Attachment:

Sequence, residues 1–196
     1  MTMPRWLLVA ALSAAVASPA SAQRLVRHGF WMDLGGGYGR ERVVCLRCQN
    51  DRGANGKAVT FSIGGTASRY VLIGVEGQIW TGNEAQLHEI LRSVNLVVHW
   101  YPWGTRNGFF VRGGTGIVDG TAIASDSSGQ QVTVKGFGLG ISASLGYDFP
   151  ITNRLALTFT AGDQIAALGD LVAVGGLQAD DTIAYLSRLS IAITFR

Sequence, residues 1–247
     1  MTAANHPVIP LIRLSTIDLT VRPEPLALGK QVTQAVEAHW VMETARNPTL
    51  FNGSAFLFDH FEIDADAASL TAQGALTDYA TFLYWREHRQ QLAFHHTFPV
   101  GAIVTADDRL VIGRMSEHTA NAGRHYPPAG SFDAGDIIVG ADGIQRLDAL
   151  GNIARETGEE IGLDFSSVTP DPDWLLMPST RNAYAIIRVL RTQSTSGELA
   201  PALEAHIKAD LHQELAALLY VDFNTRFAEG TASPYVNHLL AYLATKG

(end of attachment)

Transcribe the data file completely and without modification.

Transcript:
Sequence, residues 1–196
     1  MTMPRWLLVA ALSAAVASPA SAQRLVRHGF WMDLGGGYGR ERVVCLRCQN
    51  DRGANGKAVT FSIGGTASRY VLIGVEGQIW TGNEAQLHEI LRSVNLVVHW
   101  YPWGTRNGFF VRGGTGIVDG TAIASDSSGQ QVTVKGFGLG ISASLGYDFP
   151  ITNRLALTFT AGDQIAALGD LVAVGGLQAD DTIAYLSRLS IAITFR

Sequence, residues 1–247
     1  MTAANHPVIP LIRLSTIDLT VRPEPLALGK QVTQAVEAHW VMETARNPTL
    51  FNGSAFLFDH FEIDADAASL TAQGALTDYA TFLYWREHRQ QLAFHHTFPV
   101  GAIVTADDRL VIGRMSEHTA NAGRHYPPAG SFDAGDIIVG ADGIQRLDAL
   151  GNIARETGEE IGLDFSSVTP DPDWLLMPST RNAYAIIRVL RTQSTSGELA
   201  PALEAHIKAD LHQELAALLY VDFNTRFAEG TASPYVNHLL AYLATKG